Residents felt that learning critical appraisal skills was valuable for their training by helping them to provide better patient care, and also felt that these skills would benefit them in the future when they would be responsible for their own continued medical education.

3. Motivation for critical appraisal

Most physicians noted both extrinsic and intrinsic motivating factors for learning critical appraisal, with intrinsic motivating factors perceived as having a bigger and more lasting influence overall.

Extrinsic motivation

Many attending physicians noted that they were required to do a research project during residency. This assigned work forced them to become better at critical appraisal in order to complete the requirement. One physician held very little interest in critical appraisal until she had to do it as part of her research project.

“But I still didn’t care, you know, all that much and – where I really learned it was midway through residency I had to do a research project, and my project was, you know an original study that I designed that I got the IRB for … ultimately my article got published in a journal, so I had to actually do it for real, and it made me appreciate it in such a … more real way where I actually had to do it on my own...Because I’m very invested in something that’s my own project, so that’s when I actually forced myself to do it.” (Female, 2 years post-residency).

Although many physicians did not express enthusiasm for performing critical appraisal as a resident, the initial assigned research project allowed them to understand critical appraisal on a more meaningful level.

Integrated regulation and intrinsic motivation

Internalized and intrinsic motivating factors were described by all attending physicians as contributing to a greater interest in critical appraisal. Most physicians described a desire to learn critical appraisal skills in order to provide better patient care and to keep up to date on current medical literature. Physicians also felt greater internalized motivation to understand critical appraisal in order to justify their clinical decisions once they became attendings who needed to teach residents.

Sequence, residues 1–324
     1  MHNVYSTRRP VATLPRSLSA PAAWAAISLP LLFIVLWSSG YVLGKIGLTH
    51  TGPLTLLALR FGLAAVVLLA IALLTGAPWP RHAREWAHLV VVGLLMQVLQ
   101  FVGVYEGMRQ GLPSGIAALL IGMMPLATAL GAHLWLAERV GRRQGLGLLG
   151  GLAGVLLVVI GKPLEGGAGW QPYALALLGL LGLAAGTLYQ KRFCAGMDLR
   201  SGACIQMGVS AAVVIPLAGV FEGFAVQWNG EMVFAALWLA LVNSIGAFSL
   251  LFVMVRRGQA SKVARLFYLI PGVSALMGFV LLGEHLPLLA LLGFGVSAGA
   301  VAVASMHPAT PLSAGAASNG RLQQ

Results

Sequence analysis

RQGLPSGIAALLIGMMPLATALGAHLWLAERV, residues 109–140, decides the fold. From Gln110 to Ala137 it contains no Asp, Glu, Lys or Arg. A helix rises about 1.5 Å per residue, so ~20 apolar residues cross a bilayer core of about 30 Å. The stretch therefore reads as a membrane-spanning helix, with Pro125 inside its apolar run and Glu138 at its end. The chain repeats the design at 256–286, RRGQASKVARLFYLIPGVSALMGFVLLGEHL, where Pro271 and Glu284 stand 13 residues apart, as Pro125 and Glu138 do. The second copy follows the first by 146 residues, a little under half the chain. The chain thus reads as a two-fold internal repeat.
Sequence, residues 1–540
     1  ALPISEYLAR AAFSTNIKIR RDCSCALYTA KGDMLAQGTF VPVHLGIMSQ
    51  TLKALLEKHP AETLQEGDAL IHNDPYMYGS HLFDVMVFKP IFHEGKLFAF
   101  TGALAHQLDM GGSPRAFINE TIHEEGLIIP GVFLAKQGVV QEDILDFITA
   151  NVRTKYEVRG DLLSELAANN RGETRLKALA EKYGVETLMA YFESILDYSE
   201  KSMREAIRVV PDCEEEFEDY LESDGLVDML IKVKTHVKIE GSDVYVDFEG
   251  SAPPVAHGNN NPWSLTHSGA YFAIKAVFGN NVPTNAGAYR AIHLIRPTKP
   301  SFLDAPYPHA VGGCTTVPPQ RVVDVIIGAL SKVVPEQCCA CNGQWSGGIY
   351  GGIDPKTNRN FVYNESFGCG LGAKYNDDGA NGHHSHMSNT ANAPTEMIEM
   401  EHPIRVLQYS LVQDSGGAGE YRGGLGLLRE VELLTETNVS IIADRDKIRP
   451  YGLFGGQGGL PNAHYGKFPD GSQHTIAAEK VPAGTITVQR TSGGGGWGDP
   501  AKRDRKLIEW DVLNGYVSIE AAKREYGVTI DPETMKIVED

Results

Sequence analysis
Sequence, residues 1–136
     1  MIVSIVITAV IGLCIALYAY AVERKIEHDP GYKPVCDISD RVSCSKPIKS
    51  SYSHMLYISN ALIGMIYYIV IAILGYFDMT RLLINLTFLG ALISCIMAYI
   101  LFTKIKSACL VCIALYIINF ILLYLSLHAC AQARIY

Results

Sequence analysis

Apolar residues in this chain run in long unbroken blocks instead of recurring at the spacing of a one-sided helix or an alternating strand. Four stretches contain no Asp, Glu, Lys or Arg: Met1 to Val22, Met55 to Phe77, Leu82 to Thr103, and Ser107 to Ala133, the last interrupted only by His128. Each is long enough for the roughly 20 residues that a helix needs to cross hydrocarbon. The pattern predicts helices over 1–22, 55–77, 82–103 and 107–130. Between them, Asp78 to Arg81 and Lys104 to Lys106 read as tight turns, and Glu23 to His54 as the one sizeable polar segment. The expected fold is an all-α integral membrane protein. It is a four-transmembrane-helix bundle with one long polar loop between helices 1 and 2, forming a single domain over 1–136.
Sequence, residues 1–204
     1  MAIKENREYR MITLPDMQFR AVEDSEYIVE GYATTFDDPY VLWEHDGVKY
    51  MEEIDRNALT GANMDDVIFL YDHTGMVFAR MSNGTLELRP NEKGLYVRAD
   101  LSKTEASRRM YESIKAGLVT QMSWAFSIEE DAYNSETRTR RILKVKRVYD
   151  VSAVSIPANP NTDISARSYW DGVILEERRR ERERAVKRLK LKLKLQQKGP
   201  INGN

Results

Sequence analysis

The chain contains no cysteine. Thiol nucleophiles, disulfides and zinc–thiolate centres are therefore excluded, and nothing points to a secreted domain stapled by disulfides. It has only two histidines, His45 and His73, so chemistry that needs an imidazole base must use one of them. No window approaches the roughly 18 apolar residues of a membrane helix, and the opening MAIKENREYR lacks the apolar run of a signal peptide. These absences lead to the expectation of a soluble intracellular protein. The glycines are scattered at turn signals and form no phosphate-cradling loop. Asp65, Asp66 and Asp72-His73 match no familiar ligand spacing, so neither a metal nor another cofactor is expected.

4. Facilitating engagement with critical appraisal

Attending physicians and residents emphasized the importance of finding ways to make critical appraisal skills more relevant to residents. Distinct from practical teaching strategies, emergency physicians noted three major ways to support residents’ engagement with critical appraisal: normalization of critical appraisal skills within the ED culture, connection of critical appraisal skills to patient care, and connection of critical appraisal skills to resident research.

Almost all physicians emphasized the importance of promoting critical appraisal within the culture of the ED. Attending physicians noted that the ED where they trained and their attending mentors held a major role in shaping both their interest in critical appraisal and how likely they were to continue using it.

“But you have to normalize it as an expectation, meaning that the senior residents and the attending staff role model critical appraisal in their teaching and on shift and in other places … You have to make it feel not so much like a task but just like a normal part of the culture.” (Male, 20 years post-residency).

Emergency physicians also noted the importance of engaging residents in critical appraisal by relating it to patient care. A few physicians also felt that residents could become more engaged in critical appraisal by providing them with greater opportunities for meaningful research.

5. Teaching critical appraisal

In terms of the practical aspects of teaching critical appraisal, attending physicians noted the importance of thinking about critical appraisal as a tool or skillset rather than a topic.

“You have to sit down and learn critical appraisal separate from conjunctivitis or myocardial infarction. It should be a tool. It shouldn’t be a topic itself.” (Male, 20 years post-residency).

One physician felt that critical appraisal could be seen as similar to a language. Most emergency physicians should learn the basics in order to understand how to interpret medical literature, but very few physicians needed to become truly ‘fluent’ in critical appraisal. “You should have, like, a relatively constrained, unambitious set of skills that – sort of a curriculum. I think it should be a relatively small curriculum that focuses on the basics so that there’s at least some fluency with the language and people can understand, you know, what people are – what methodologists are even talking about when they say things like cohort study or a p-value, but often our critical appraisal curriculum is overambitious.” (Male, 12 years post-residency).

Many physicians noted the importance of incorporating medical literature into residency conference with an emphasis on performing critical appraisal frequently. Many physicians felt that the best way to have residents learn critical appraisal skills was to make the resident teach critical appraisal or be in charge of their own projects. Residents also felt that being in charge of projects involving critical appraisal or being asked to teach critical appraisal themselves would enhance their learning.